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Slanders and bias behind DPP authority's 'vaccine blocking' lies

Xinhua | Updated: 2021-07-15 14:29
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A medical worker administers a dose of the AstraZeneca vaccine against the coronavirus disease (COVID-19) to a man during a vaccination session for elderly people over 75 years old, at a stadium in New Taipei City on the Taiwan island on June 25, 2021. [Photo/Agencies]

A recent deal between Taiwan and mainland firms on purchases of BioNTech COVID-19 vaccines has given hope to the island's epidemic control.

However, Taiwan's Democratic Progressive Party (DPP) authority and some Western media portrayed it as a move breaking through the so-called "mainland's blocking," completely disregarding the fact that the mainland has expressed willingness to help since the very onset of the island's serious outbreak in May.

The mainland offered to provide mainland-made vaccines recognized by the World Health Organization (WHO) and promised to support Taiwan people in using BioNTech vaccines, which Shanghai-based Fosun Pharma participated in the development and commercialized in China.

The mainland also showed its sincerity by offering to dispatch epidemic control experts to Taiwan.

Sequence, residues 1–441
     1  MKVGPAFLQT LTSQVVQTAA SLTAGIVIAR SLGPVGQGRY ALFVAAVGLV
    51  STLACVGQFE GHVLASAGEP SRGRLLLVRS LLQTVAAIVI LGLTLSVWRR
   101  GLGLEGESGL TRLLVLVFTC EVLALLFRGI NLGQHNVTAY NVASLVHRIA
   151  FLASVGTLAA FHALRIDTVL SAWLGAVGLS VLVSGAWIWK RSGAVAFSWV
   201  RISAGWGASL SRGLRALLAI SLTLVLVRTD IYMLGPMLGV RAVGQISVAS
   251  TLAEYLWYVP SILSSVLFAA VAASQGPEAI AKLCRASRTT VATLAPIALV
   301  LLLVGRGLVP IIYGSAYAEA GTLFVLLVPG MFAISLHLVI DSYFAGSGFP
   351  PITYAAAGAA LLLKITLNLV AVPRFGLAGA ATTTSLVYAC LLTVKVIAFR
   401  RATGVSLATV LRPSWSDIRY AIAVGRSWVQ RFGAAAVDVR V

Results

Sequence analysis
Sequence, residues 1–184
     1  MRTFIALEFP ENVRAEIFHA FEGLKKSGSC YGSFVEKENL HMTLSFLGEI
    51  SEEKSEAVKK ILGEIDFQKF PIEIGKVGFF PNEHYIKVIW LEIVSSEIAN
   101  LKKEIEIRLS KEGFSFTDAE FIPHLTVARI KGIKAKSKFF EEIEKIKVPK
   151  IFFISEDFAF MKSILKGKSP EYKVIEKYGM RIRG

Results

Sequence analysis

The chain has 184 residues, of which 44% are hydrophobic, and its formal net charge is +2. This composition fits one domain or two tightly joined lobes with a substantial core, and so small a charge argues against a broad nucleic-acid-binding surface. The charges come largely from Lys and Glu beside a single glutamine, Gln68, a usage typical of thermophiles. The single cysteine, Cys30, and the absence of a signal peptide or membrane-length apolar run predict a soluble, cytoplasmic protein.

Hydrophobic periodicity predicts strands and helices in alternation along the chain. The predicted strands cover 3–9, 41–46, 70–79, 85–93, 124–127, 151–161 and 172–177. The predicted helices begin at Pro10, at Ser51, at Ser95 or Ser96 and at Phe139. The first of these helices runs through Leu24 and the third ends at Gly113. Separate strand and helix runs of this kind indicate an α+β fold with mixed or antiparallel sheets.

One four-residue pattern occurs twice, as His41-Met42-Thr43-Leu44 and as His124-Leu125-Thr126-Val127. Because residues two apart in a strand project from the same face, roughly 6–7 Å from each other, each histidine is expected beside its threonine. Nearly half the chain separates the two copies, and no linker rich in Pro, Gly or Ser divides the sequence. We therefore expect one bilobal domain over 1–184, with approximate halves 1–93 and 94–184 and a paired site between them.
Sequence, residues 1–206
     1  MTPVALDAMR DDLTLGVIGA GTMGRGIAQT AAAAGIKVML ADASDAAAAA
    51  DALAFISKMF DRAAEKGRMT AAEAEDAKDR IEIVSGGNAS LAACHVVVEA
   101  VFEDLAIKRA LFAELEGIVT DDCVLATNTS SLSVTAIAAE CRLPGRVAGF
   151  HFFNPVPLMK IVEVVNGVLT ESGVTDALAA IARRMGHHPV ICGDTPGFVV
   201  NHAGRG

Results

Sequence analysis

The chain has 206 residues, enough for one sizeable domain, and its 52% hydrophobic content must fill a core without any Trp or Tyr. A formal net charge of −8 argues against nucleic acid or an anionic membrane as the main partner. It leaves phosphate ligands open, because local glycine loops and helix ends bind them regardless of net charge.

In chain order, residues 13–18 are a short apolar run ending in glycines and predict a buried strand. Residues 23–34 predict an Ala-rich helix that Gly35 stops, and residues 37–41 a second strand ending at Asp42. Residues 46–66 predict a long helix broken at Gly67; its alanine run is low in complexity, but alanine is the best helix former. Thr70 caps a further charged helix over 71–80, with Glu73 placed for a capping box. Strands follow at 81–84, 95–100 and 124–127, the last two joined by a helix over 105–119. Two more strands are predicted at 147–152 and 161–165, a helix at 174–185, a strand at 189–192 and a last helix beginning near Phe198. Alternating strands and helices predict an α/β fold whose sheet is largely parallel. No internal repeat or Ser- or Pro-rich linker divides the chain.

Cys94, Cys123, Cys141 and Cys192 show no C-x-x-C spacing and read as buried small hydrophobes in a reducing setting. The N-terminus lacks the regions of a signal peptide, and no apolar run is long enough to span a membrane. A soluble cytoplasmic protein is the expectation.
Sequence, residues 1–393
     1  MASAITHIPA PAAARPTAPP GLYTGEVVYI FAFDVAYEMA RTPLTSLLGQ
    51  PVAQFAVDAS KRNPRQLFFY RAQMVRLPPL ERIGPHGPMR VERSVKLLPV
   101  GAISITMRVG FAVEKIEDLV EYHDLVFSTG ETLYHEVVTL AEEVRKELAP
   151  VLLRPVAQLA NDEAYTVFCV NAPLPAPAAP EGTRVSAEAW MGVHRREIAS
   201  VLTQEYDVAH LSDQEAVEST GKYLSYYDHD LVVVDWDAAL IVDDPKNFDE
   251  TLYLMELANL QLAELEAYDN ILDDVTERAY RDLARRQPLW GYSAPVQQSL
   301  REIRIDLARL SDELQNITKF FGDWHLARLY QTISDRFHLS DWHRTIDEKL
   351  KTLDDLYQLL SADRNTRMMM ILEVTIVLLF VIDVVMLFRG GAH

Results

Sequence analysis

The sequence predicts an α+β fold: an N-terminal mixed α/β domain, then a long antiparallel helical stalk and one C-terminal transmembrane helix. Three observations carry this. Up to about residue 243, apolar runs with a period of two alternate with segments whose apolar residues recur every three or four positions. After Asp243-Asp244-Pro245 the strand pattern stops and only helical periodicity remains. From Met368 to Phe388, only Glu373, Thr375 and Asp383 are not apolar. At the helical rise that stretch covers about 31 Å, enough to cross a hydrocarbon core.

Unfortunately, the DPP authority repeatedly rejected the goodwill.

On one hand, the DPP authority claimed that the mainland "blocked Taiwan's deal" of buying vaccines. On the other hand, it spared no effort in obstructing Taiwan people from obtaining vaccines from the mainland.

Fosun Pharma has been licensed by BioNTech to exclusively develop and commercialize COVID-19 vaccines based on its mRNA technology platform in the Chinese mainland, Hong Kong Special Administrative Region, Macao Special Administrative Region and Taiwan region.

The DPP authority, however, insisted on circumventing Fosun to buy vaccines from the German firm, which violated business rules and served nothing but political interests.

The irony is that Taiwan's epidemic monitoring agency chief Chen Shih-chung has recently changed his tone. Chen admitted that Taiwan is within the scope of Fosun's exclusive rights to sell BioNTech vaccines and the deal deserves due respect.

If the DPP authority had stopped political interference last October, Taiwan enterprises would have been authorized through negotiation to distribute 30 million doses of BioNTech vaccines. Vaccination might have begun early this year, saving many lives. It was only the DPP to blame.

There are many other WHO-approved vaccines available on the market, such as the ones developed by AstraZeneca, Johnson & Johnson and Moderna, but the DPP did not work actively in vaccine procurement until it was too late.

Yet, it decided to shift the blame on the mainland.

Driven by their ideological bias, some Western media have ignored these obvious facts.

However, the failure of epidemic control cannot be covered up by lies and the people cannot be fooled by rumors.

The DPP authority should immediately stop gambling on the lives and health of Taiwan people, and make concrete efforts instead to safeguard the health and wellbeing of Taiwan compatriots.

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